Since 2015, the World Health Organization (WHO) has classified hot dogs—and other types of processed and red meats—as class 1 carcinogens, a category these animal products share with tobacco and asbestos due to their proven links to cancer. 

If you’re craving a juicy hot dog but don’t want to throw health precautions to the wind, there are an increasing number of plant-based meat options that can hit the spot, including the newest product from Impossible Foods.

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This week, the company behind the Impossible Burger is announcing the launch of the Impossible Hot Dog, which will begin rolling out to grocery stores and restaurants next year.

Heart-healthier hot dogs?

The Impossible Hot Dog boasts 50-percent less saturated fat and double the protein (12 grams per serving) than its animal-derived counterpart. Plus, because it’s plant-based, the Impossible Dog does not contain any cholesterol.

“Hot dogs are an undeniably classic part of American culture and not to mention, they’re a burger’s best friend. It’s long been a priority to add them to our product portfolio,” Peter McGuinness, CEO and President of Impossible Foods, said in a statement sent to VegNews. “Our adaptation replicates that quintessential hot dog taste, while offering consumers a nutrient-dense product that’s better for the planet.”

“We want people to see that there’s really no compromise when you choose Impossible products,” McGuinness said. “It’s as easy as throwing an Impossible Hot Dog on the grill—right next to an Impossible Burger.”

The release of the Impossible Hot Dog, its seventh new product in the last 12 months, comes after Impossible Foods received a Heart-Check Food Certification from the American Heart Association for its Impossible Beef Lite—the second plant-based meat, next to Beyond Steak, to receive the certification. And research continues to point to the health benefits of directly replacing animal meat with plant-based alternatives.

Swapping out meat with plants

One recent study, sponsored by the WHO and published in The Lancet Regional Health—Europe, delves into the impact of ultra-processed foods (UPFs) on health, particularly concerning multimorbidity involving cancer and cardiometabolic diseases.

The study analyzed data from the European Prospective Investigation into Cancer and Nutrition, involving 266,666 participants free of cancer, cardiovascular disease, and type 2 diabetes at recruitment. The findings revealed that higher consumption of UPFs, particularly animal-based products and artificially and sugar-sweetened beverages, was associated with an increased risk of multimorbidity. Interestingly, plant-based alternatives did not show a similar risk association.

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Another recent study published in BMC Medicine highlights the health benefits of substituting animal-based foods with plant-based alternatives. Researchers conducted a thorough analysis of 37 publications involving 24 cohorts to examine the impact of such dietary changes on cardiometabolic health and all-cause mortality.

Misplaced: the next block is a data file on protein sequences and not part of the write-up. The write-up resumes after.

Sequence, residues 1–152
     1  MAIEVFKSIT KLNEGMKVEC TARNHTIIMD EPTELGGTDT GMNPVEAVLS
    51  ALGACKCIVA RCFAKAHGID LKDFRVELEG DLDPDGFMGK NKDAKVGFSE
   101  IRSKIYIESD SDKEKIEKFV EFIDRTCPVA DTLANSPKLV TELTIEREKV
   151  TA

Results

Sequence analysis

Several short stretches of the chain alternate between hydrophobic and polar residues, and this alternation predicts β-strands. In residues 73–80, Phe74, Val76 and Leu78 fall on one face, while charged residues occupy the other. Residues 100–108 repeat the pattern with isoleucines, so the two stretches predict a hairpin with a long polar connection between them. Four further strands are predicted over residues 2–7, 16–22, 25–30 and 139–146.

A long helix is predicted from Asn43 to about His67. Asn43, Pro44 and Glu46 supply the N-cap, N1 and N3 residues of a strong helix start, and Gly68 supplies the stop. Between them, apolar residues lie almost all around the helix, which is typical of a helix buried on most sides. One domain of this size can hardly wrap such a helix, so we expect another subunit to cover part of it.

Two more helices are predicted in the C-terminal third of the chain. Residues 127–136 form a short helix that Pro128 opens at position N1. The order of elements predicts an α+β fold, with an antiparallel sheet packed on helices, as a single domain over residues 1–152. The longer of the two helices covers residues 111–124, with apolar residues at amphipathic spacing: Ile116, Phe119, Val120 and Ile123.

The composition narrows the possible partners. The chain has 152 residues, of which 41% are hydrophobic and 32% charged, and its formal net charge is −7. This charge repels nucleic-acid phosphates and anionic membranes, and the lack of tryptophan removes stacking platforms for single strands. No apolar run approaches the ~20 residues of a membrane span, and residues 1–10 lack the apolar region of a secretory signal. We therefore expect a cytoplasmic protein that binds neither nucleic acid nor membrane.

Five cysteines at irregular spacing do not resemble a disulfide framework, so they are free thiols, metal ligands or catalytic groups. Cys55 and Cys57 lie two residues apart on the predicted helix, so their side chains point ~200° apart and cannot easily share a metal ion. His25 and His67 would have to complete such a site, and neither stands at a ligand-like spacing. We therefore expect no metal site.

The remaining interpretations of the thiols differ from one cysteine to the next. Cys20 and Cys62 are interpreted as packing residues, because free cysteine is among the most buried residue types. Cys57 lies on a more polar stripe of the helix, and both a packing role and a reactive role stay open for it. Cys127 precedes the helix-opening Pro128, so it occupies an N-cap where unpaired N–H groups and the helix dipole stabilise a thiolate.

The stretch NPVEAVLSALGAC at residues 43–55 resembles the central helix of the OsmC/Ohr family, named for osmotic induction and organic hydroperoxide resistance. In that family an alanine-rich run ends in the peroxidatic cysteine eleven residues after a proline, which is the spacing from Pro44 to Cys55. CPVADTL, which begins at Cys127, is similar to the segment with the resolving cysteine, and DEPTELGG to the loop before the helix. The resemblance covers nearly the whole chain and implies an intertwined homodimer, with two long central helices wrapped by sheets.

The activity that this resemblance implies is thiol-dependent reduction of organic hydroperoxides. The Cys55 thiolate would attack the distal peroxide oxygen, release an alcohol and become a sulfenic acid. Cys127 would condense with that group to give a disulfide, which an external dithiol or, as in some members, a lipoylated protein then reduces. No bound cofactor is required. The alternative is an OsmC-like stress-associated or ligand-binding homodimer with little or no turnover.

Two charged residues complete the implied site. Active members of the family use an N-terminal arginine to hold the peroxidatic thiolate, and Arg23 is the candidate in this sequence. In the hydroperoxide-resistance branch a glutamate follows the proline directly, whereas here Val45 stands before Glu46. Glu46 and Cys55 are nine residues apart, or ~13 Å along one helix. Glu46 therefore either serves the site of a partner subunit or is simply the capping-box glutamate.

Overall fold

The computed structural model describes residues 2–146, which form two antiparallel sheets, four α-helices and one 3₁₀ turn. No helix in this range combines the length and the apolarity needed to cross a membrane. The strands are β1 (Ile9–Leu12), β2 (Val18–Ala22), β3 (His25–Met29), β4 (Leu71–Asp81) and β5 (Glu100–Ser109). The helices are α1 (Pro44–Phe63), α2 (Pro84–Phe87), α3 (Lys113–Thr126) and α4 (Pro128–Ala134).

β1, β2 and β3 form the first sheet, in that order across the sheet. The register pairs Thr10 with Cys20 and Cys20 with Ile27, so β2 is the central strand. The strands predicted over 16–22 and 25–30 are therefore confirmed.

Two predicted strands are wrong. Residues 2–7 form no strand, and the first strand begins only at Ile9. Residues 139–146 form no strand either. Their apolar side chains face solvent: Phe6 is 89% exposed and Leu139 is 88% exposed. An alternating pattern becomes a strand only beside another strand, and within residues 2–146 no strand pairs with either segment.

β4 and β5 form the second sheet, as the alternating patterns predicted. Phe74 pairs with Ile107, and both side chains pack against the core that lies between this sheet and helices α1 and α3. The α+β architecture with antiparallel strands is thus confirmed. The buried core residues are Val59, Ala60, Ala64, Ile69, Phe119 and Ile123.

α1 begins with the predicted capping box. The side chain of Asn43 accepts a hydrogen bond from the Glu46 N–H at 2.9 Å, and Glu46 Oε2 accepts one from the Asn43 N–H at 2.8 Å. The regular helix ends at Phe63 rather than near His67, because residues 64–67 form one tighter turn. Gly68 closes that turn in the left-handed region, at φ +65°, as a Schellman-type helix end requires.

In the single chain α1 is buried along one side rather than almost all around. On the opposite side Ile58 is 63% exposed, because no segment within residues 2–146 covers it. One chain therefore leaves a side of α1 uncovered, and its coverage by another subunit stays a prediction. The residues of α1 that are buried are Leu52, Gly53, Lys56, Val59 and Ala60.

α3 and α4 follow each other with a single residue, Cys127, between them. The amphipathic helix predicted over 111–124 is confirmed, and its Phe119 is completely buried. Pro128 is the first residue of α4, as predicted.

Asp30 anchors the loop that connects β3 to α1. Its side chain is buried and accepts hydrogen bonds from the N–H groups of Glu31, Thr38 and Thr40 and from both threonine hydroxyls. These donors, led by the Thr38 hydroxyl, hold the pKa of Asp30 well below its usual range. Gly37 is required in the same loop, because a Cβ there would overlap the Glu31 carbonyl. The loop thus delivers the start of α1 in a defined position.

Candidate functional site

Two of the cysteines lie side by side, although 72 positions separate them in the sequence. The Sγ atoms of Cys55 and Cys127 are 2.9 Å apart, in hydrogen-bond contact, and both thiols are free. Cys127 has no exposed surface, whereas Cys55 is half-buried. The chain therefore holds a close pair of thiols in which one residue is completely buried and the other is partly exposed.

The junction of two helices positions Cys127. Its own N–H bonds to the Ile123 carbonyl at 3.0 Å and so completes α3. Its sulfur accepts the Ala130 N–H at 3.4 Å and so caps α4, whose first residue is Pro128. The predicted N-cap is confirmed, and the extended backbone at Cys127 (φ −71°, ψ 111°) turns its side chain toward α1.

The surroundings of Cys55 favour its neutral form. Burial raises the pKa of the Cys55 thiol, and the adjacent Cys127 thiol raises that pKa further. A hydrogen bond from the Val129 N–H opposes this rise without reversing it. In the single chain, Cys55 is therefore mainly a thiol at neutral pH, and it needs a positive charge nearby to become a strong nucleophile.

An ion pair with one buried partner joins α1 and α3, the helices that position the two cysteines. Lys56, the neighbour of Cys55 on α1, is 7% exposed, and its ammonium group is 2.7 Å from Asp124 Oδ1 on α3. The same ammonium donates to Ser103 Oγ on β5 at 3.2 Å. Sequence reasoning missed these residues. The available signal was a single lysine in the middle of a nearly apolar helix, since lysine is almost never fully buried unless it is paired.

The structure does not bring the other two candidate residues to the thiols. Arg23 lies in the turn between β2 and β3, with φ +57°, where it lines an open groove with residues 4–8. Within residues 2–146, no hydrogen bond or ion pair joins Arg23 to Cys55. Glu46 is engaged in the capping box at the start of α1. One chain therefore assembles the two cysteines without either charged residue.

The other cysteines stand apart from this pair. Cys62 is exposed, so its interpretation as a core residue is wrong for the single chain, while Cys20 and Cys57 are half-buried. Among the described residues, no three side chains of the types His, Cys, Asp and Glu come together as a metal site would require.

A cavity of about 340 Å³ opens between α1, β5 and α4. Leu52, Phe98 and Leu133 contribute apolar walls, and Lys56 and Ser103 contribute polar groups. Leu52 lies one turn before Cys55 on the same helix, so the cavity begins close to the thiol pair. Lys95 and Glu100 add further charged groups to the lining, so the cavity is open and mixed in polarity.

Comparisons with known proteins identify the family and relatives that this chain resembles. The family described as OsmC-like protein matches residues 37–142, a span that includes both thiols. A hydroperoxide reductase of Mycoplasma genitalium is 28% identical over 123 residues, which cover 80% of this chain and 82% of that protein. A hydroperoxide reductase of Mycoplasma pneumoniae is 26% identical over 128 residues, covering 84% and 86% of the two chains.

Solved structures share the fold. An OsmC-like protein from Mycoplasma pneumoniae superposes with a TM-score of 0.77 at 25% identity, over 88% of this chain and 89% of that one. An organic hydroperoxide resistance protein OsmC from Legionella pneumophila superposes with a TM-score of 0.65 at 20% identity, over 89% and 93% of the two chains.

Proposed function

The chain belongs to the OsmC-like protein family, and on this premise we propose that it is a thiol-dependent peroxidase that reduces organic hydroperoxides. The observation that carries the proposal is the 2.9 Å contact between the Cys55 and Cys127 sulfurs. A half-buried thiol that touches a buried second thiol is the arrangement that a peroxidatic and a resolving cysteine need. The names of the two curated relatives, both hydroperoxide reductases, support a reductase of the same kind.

The findings here reveal a notable decrease in the risk of cardiovascular diseases, type 2 diabetes, and all-cause mortality when foods such as processed meat, eggs, and butter are replaced with plant-based foods such as nuts, legumes, whole grains, and olive oil. 

Vegan diet wins for twins

A third study, conducted by researchers at Stanford Medicine, pitted plant-based and omnivore diets against each other in a real-world scenario using identical twins. This study is pivotal because it controls for genetic differences by using identical twins who share similar upbringings and lifestyles.

The research revealed that transitioning to a vegan diet can lead to improvements in cardiovascular health in as little as eight weeks. 

Conducted from May to July 2022, the trial involved 44 participants—22 pairs of identical twins—chosen from the Stanford Twin Registry. Each twin was assigned either a vegan or omnivore diet, both of which included plenty of vegetables, legumes, fruit, and whole grains. While the vegan diet excluded all meat and animal products, the omnivore diet included various animal-sourced foods. 

The findings indicated that those on the vegan diet had significantly lower levels of low-density lipoprotein cholesterol (LDL-C), insulin, and body weight compared to their omnivore counterparts, all markers associated with better cardiovascular health. 

The vegan group also exhibited about a 20-percent decrease in fasting insulin and lost an average of 4.2 more pounds than the omnivore group.

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Christopher Gardner, PhD, the study’s senior author, stressed the importance of reducing saturated fats, increasing dietary fiber, and weight loss for cardiovascular health, all achieved through the vegan diet. Gardner also noted the additional benefits of a vegan diet, such as promoting gut health and slowing aging. 

“Our study used a generalizable diet that is accessible to anyone, because 21 out of the 22 vegans followed through with the diet,” Gardner, who is a professor at the Stanford Prevention Research Center, said in a statement. 

“This suggests that anyone who chooses a vegan diet can improve their long-term health in two months, with the most change seen in the first month,” Gardner said. 

If you’re looking to try a plant-based swap for animal meat, Impossible Foods is hosting a one-day pop-up event in midtown Manhattan on December 16 where it will give out free samples of its new Impossible Hot Dogs.

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